Hence why I put the poll in this thread: What is your default image of a level 1 Fighter? The first thing that comes to mind?

I think this also raise the question of what it means to have a level? What steps should a commoner take to go from only having a Background to having a Class Level? Sure, a level 1 hero has 0 XP, but I don't think it automatically means they have no relevant experience either.
 

Salthorae

Imperial Mountain Dew Taster
The fluff of the class is my default assumption. Someone who has extensive martial training and could go out there and earn a living as a qualified mercenary or non-entry level soldier in an army at level 1, but who has turned to adventuring instead.

The classic Hero's trope of farmboy to legend is not represented well by the D&D Fighter, and I would argue that has always been true, at least as long as I've been playing (2e AD&D start).

Though you can certainly do it. It's just weird explaining how your farmhand is fully proficient in all armors, shields, and weapons the moment they stepped off the farm for a life of adventure.
 
Hence why I put the poll in this thread: What is your default image of a level 1 Fighter? The first thing that comes to mind?
meatshield.jpg


(Problem with this meme: no Shatner Commas. "You, are, a, pivotal part, of, operation, meatshield!")

What IS a level 1 Fighter?
A Veteran! My 1e PH says so!

(In other news, your Cleric changes religions at least twice before reaching name level... mostly Christian, but, for instance, Tibetan Buddhist at 7th...(also, I over-use ellipses (and parentheticals.)))

It's just weird explaining how your farmhand is fully proficient in all armors, shields, and weapons the moment they stepped off the farm for a life of adventure.
Could be innate talent, could be heredity (his real dad could have been a great warrior, or, like, the god of war or something), could be sheer determination, could be past life memories, etc...
...it's a fantasy world, afterall.
 
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lowkey13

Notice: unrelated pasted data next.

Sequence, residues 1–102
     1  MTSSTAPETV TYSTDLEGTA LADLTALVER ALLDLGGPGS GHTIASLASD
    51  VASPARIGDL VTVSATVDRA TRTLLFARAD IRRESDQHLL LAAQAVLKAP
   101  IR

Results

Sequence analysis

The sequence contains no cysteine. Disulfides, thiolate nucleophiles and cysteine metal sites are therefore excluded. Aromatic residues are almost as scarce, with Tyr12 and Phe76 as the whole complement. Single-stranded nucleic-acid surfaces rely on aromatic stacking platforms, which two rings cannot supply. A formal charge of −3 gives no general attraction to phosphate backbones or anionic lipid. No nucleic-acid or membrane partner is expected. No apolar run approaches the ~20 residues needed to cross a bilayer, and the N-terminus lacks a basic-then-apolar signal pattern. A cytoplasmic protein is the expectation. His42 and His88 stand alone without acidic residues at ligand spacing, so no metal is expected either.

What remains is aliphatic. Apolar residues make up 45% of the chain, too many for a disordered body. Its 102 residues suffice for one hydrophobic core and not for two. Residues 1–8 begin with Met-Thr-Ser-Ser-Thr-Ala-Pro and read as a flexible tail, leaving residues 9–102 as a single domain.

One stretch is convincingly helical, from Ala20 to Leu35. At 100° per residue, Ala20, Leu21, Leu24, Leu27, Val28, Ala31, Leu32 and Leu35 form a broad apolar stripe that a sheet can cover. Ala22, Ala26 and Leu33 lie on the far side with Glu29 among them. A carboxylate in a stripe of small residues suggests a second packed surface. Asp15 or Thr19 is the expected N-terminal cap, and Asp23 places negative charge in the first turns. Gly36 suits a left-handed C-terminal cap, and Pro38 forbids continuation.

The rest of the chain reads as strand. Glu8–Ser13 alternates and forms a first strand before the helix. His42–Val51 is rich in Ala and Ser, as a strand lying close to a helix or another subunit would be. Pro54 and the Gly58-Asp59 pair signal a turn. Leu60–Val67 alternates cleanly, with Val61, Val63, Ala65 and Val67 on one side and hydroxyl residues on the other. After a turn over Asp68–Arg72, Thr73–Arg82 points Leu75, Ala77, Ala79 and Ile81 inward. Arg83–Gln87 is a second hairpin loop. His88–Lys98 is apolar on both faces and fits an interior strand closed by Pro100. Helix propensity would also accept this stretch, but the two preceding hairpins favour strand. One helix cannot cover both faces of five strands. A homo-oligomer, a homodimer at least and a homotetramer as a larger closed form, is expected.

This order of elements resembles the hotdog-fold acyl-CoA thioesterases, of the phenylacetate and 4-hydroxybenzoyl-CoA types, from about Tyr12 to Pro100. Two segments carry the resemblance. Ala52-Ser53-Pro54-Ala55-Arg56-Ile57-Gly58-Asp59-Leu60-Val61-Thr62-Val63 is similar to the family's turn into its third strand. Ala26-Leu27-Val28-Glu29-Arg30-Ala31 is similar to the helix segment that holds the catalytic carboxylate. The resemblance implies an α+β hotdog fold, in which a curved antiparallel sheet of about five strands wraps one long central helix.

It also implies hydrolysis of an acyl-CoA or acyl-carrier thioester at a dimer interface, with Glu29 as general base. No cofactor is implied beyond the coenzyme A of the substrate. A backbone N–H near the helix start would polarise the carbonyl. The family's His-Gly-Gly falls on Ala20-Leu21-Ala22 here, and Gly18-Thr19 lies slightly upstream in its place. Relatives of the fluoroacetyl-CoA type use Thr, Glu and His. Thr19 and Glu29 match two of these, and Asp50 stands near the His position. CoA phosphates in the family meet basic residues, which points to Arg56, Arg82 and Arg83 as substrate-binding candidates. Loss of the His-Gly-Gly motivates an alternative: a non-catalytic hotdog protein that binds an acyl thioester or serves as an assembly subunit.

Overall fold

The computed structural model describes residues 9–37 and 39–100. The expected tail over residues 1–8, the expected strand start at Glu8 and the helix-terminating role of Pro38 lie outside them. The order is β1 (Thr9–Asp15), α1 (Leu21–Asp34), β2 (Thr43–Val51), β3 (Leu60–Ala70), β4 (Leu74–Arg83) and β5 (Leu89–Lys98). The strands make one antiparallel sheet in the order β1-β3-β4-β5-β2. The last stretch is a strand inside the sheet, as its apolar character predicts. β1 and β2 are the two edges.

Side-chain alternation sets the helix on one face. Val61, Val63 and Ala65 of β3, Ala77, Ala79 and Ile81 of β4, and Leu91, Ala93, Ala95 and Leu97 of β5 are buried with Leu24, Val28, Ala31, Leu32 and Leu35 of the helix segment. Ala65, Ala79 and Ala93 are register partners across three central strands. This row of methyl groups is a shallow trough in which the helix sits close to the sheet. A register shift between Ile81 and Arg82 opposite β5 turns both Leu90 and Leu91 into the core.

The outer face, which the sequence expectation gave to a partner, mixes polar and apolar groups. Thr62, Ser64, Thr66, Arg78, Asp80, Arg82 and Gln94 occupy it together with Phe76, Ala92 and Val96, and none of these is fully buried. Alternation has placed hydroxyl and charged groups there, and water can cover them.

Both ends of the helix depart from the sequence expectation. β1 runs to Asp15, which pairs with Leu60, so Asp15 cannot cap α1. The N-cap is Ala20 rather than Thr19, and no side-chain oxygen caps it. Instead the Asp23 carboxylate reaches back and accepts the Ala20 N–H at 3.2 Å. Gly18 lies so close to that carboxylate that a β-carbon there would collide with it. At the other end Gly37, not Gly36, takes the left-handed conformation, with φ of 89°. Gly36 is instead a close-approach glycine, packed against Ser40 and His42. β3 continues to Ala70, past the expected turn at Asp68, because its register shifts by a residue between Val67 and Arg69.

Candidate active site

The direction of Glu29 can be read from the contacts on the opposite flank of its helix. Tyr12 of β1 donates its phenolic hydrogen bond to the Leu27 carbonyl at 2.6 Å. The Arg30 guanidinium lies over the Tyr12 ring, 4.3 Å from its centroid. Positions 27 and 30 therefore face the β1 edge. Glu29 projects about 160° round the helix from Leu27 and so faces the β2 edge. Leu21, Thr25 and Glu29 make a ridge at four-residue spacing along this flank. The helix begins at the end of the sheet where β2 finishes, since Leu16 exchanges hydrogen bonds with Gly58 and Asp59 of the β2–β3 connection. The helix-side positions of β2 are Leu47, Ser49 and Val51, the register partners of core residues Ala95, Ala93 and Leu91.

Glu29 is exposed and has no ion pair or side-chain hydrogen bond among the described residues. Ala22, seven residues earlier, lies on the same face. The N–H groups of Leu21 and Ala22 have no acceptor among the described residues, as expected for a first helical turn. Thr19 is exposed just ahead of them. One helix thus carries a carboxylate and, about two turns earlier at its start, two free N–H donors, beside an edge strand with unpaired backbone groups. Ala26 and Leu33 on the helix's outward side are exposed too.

I'm sorry, Dave. I'm afraid I can't do that.
Honestly, part of the problem is also, "What is a level?"

This reminds me of (coughs loudly) back when 1e tried to make 0 level a thing. It wasn't widely followed because, well, first level is hard enough.

But just like understanding class as archetype/profession can be difficult (and vary from table to table), so, to, does "level."

It's what you want it to be.
 

Salthorae

Imperial Mountain Dew Taster
...(also, I over-use ellipses (and parentheticals.)))
Thank goodness I'm not the only one. You should see some of my posts before I go back for ellipses and () edits on them... ;)

Could be innate talent, could be heredity (his real dad could have been a great warrior, or, like, the god of war or something), could be sheer determination, could be past life memories, etc...
...it's a fantasy world, afterall.
Sure, I guess you could go Percy Jackson on it. I guess I'm just thinking of all the games that start in a small town with very normal people but 1st level. shrug
 
This reminds me of (coughs loudly) back when 1e tried to make 0 level a thing. It wasn't widely followed because, well, first level is hard enough.
One group I was in adopted 0 level in concept - as an excuse to give every character and extra d6 hit points "from when they were 0 level."

"What is a level?"
It's a tool with a bubble in a little glass tube, that you use to check surfaces for imperceptible inclines.
 

Undrave